Bark beetles are both friends and foes. They are native decomposers, pollinators, and food for wildlife in Washington state forests, but they also cause tree mortality which is exacerbated by climate change. Bark beetle species in Washington include red turpentine beetles, pine engraver beetles, Douglas fir beetles, and spruce beetles. Tiny and varying in color, these beetles have hard cylindrical bodies, and most look the same to the regular observer but can be differentiated by the look of their egg galleries. The reason why they are called bark beetles is because they reproduce under tree bark with little resin. Although most species live in weakened or dying trees, some species attack and kill living trees. Bark beetles love to make their home in trees with dwarf mistletoe, windthrow damage, soil compaction, logging injury, or infections by root disease.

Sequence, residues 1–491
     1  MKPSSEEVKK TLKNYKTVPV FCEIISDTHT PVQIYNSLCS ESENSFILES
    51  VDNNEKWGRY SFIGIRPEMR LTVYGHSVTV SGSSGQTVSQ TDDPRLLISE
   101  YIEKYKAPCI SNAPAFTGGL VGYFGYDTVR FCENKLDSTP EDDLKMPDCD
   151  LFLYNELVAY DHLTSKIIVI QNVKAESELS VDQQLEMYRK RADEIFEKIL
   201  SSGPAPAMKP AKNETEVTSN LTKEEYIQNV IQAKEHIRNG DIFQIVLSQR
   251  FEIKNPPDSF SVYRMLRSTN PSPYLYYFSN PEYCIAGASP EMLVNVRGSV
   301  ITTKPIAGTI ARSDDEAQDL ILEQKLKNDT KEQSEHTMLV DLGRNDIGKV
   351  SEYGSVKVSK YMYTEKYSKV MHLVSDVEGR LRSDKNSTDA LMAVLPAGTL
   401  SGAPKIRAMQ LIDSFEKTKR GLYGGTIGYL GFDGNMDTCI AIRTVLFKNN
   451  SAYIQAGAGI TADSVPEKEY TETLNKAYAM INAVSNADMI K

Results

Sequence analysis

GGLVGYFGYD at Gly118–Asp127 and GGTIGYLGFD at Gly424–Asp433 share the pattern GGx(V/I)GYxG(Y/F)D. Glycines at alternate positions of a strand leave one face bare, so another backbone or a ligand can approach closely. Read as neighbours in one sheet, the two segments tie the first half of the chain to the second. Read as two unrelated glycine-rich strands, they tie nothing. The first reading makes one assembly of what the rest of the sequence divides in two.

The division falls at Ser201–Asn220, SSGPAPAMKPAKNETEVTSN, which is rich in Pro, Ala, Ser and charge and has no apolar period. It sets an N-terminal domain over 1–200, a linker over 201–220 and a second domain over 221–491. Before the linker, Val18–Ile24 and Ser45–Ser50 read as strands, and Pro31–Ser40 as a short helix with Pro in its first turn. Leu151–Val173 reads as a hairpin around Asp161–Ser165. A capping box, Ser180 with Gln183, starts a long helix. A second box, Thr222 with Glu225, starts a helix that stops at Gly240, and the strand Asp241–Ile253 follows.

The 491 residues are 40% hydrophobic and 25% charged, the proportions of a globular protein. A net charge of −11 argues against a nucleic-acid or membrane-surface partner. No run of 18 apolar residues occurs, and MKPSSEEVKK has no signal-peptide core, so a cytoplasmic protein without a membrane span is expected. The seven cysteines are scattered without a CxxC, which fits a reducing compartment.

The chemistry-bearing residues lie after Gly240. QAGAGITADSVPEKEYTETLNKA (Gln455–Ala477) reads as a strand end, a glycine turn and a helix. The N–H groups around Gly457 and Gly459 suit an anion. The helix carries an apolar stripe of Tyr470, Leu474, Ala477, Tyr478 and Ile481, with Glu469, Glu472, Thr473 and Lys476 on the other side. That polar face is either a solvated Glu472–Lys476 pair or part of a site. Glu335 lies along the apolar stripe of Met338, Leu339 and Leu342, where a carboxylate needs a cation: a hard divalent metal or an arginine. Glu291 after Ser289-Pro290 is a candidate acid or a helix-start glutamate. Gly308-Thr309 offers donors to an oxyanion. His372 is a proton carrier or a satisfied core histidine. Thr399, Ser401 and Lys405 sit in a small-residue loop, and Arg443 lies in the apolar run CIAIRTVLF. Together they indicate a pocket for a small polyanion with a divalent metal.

Tree mortality from bark beetles has increased in the past decade for ponderosa, spruce, and lodgepole forests. Normally with already oscillating populations, bark beetles cause needed ecological disturbances like thinning, but because forests are also facing drought and increased temperatures, the upswing in mortality is more destructive to healthy trees. A reason why forests are more susceptible to damage by bark beetles is because of low biodiversity in fire-suppressed areas; when natural fires burn in forests, they create mixed sizes and ages of trees. Bark beetles take advantage of the unbalanced ecosystem conditions by releasing aggregating pheromones to attract other beetles to attack suitable host trees. With the heat waves in Washington, their life cycle is accelerating as well, furthering tree mortality. Beetle outbreaks can be avoided by maintaining healthy trees, avoiding logging from early winter through mid-summer, increasing biodiversity, and not transporting infested firewood.